Ted Cruz's Get Out The Vote Idea: Shame And Threaten Voters By Name

What in the world possessed Ted Cruz's campaign to do this days before the Iowa caucus?

Candidates are fighting fast and furious for every vote possible in Monday's Iowa caucus, but only Ted Cruz's campaign thought it would be a good idea to shame voters for their past votes.

Cruz's campaign sent out "report cards" to voters that grade them on caucus participation; even worse, the mailers grade voters' neighbors too. 

Iowa residents who didn't caucus enough in the past for Cruz's liking got yellow notices with "VOTING VIOLATION" emblazoned in red across the top. 

A bunch of Iowans who just failed Cruz's test aren't happy with the GOP hopeful. 

The finger wagging notice reads:

You are receiving this election notice because of low expected voter turnout in your area. Your individual voting history as well as your neighbors’ are public record. Their scores are published below, and many of them will see your score as well. CAUCUS ON MONDAY TO IMPROVE YOUR SCORE and please encourage your neighbors to caucus as well. A follow-up notice may be issued following Monday’s caucuses.

The notice on the mailers indicate they come from Cruz's official campaign group.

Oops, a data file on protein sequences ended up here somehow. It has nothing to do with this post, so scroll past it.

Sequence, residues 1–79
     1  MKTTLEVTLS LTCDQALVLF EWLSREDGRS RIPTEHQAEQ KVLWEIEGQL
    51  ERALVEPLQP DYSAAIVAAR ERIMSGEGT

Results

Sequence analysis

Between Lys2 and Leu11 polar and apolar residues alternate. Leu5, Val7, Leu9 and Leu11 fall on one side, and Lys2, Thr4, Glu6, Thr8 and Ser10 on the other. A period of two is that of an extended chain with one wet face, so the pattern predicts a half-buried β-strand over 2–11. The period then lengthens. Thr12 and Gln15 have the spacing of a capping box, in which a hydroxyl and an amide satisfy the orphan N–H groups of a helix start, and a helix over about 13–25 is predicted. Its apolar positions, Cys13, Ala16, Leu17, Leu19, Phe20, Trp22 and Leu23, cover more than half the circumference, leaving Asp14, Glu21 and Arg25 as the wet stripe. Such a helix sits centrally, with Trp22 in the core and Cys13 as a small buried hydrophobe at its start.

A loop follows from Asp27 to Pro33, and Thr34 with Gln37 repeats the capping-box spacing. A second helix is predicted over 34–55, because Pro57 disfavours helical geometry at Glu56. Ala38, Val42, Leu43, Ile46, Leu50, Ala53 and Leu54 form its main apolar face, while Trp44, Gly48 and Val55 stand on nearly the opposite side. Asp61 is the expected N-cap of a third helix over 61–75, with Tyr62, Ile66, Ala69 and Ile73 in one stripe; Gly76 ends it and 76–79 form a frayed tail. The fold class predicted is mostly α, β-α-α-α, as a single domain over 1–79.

Well, this is certainly one way to get voters' attention. If your ideas and policies don't excite the electorate, threaten to shame them before AND after the caucus. 

The thing is, as distasteful as shaming voters may be, it might just work. The Washington Post describes an experiment from a decade ago that suggested the mere threat of publicizing to neighbors who does and doesn't vote helped get people to the polls.

And Cruz isn't the only one to use such tactics. Move On, a progressive public policy organization, released similar mailers in 2012 for Barack Obama.

But that doesn't mean people in Iowa are happy with Cruz right now. Iowa's secretary of state, Paul Pate, condemned the mailer in a statement.

"Accusing citizens of Iowa of a 'voting violation' based on Iowa caucus participation, or lack thereof, is false representation of an official act," Pate, a Republican, said. "There is no such thing as an election violation related to frequency of voting. Any insinuation or statement to the contrary is wrong and I believe it is not in keeping in the spirit of the Iowa caucuses."

Cruz doesn't care. 

"I will apologize to nobody for using every tool we can to encourage Iowa voters to come out and vote," he said Saturday.

For someone who constantly rails against government intrusion, Ted Cruz has a funny way of showing he respects voters' privacy.